MTA Press Releases

Press Release
March 19, 2020
IMMEDIATE
TRANSCRIPT: New York City Transit Interim President Sarah Feinberg Appears on PIX11 to Discuss The MTA’s Response to COVID-19 Pandemic

A transcript of the interview appears below.

Tamsen Fadal: Well, the MTA is now asking the federal government for a $4 billion-dollar bailout as a result of the coronavirus.

Kori Chambers: The agency saying it could face financial ruin as ridership has just plunged.

Tamsen: Yeah, the MTA is considering schedule changes, but that might not even be enough to keep the transit system going. With us on the phone right now is New York City Transit Interim President Sarah Feinberg. Sarah, thank you so much for joining us tonight.

Sarah Feinberg: Thank you all for having me.

Tamsen: So, I wanted to ask you this, we have a lot of questions for you, but we did just get notice about some of the numbers , word from the MTA, 23 workers have tested positive for COVID-19. Can you tell us how you're dealing with that.

Feinberg: Look, like any other community or large company or agency in New York, we're worried about our colleagues and I'm thinking about them and keeping them in our thoughts. We're doing our best to care for them, giving them what they need and also doing the right thing by all of their colleagues. So, making sure we are following the medical and healthcare guidance on finding out who was around those people, quarantining them and getting them care as well.

Kori: Sounds like, as I look at this thing, you are really in the midst of a true and dire crisis because you have fewer people riding the trains and the buses, thankfully, because we don't want non-essential people out there. At the same time, you're broke, you're pulling out a billion dollar line of credit, you're saying four billion dollars is what you need. It seems like it's getting worse and worse and worse. 

Feinberg: That's exactly right. That is the reality. Now, to be clear, welcome to being a transit agency in America in the middle of an existential crisis, in the middle of a pandemic. So, look, in New York we are all very familiar with our transit system. Everyone rides the subway, everyone rides buses, and in a lot of other cities it's the same. We happen to be in the middle of ground zero of this fight right now. I think a lot of transit agencies are going to be going through the same thing. We're just on the leading edge. You know, it's New York. It's bigger here. The finances are bigger, the system is bigger. We're the biggest transit agency in North America. Look, you've described it in the right way. Our ridership has fallen off of a cliff, for good reason. You know, the latest numbers are that ridership on subways is down 71 percent. Ridership on buses is down about 59 percent. Call it 60 percent. You know, people are heeding the advice of their doctors, of the governor, of other leaders who have said, "if you can stay home, you should." They absolutely should, but it's really important that the transit system to also continue to be able to move the essential workers that continue to keep this city running. So, the healthcare workers, the grocery store clerks, the sanitation workers, and the transit workers themselves who are keeping this city moving and allowing the people who are caring for those who are sick to get where they need to be.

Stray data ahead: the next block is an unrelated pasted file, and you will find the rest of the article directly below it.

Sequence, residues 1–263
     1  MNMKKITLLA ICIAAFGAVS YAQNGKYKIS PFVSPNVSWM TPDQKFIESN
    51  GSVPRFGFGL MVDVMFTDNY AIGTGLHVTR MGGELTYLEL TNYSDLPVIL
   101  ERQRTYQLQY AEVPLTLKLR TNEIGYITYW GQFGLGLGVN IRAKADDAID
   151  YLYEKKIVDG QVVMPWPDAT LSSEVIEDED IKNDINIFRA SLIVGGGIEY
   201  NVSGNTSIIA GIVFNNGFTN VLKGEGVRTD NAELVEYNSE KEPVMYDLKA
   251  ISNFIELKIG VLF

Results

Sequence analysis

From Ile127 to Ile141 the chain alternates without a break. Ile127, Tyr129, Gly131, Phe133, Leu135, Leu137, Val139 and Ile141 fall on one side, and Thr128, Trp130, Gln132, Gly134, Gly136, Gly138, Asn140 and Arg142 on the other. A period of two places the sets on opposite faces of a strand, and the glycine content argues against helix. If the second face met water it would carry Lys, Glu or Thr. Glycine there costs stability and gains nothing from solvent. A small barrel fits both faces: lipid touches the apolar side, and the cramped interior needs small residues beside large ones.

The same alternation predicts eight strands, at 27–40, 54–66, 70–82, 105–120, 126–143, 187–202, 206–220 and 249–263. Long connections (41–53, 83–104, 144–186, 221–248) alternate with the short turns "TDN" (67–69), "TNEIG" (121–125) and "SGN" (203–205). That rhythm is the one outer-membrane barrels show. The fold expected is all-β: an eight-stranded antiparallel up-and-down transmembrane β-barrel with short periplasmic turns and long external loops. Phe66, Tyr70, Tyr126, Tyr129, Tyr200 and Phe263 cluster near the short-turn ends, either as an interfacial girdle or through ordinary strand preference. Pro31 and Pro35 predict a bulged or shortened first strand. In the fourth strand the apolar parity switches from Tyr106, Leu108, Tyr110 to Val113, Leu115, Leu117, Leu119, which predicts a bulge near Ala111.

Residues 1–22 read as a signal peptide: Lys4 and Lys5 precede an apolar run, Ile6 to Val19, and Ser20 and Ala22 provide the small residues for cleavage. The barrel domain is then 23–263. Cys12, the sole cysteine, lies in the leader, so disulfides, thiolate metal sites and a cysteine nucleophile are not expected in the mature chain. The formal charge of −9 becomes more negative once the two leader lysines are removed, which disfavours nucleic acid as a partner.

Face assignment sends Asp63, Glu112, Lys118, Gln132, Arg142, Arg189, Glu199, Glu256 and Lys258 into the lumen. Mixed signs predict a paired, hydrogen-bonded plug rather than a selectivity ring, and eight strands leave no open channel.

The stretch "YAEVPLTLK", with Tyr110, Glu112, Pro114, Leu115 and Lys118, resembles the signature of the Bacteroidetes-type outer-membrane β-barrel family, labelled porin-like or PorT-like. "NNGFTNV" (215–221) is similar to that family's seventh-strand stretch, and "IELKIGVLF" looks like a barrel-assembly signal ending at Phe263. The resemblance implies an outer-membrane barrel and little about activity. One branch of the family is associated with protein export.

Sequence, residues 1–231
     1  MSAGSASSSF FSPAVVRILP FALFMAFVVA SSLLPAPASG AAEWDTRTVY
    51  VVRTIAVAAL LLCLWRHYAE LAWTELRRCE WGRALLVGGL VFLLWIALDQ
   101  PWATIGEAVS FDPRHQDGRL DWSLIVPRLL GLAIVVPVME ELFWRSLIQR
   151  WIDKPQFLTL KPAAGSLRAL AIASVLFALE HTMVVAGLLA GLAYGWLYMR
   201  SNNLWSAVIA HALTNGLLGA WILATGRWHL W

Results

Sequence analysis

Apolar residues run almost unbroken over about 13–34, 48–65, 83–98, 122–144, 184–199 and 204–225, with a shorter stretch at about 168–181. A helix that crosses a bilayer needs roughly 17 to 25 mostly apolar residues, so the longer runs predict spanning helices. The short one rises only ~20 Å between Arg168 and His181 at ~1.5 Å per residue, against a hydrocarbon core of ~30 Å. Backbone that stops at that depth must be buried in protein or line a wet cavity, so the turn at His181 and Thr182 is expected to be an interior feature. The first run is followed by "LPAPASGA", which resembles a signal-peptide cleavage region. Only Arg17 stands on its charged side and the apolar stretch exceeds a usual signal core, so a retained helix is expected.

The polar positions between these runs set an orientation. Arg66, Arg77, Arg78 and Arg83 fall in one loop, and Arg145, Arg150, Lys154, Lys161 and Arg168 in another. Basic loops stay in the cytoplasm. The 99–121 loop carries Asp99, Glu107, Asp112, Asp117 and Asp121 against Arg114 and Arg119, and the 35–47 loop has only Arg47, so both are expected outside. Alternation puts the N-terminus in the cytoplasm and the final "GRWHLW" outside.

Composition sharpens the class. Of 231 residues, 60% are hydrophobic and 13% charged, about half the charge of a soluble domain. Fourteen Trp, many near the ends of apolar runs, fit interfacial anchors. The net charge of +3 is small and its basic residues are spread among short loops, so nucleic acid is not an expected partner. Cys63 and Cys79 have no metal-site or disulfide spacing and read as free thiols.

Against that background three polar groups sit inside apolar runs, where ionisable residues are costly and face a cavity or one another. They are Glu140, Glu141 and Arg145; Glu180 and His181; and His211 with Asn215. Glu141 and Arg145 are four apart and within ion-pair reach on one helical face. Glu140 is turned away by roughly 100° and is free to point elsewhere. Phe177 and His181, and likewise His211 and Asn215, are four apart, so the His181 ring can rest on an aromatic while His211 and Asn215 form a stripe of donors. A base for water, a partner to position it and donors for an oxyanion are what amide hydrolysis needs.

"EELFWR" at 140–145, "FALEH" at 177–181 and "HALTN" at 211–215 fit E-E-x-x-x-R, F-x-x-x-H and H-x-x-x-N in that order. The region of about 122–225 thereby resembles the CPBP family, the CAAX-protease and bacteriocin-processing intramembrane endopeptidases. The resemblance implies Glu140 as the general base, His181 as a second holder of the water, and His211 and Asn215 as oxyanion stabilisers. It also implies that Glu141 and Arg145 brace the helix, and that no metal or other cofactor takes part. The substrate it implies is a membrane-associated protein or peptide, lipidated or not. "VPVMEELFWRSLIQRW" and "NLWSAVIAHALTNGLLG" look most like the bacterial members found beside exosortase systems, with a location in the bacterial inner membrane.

Tamsen: You know, we're sitting here and we're looking at the video of the transit workers who are out there cleaning those stations everyday, disinfecting, making sure they can be used for the people you just mentioned there. I heard them referred to yesterday as the unsung heroes in all this who keep the city moving. We've been through 9/11, we got through Superstorm Sandy and got through it. The transit system got us through it, though, and kept our city going.

Feinberg: Yeah. And, we're gonna get through this too, right? I've had many conversations with the governor over the last couple of weeks and it's one of those things that he's repeated over and over and he's so right that this is hard, but we are gonna get through it, and we are gonna get through it. But one of the reasons we're gonna get through it is because there are 51 thousand men and women at New York City Transit cleaning stations and cleaning cars and disinfecting railings and touch points and operating safe and efficient subway service for nurses and medical workers and pharmacists and technicians in our hospitals. You know, they deserve our utmost respect and gratitude.

Kori: Alright. Sarah Feinberg, we appreciate you letting us know where things stand. It's not a good place. You're not the only official we've heard from  today telling us we're not in the best of all places. But, look, you're keeping it real and we appreciate that.

Feinberg: Thank you.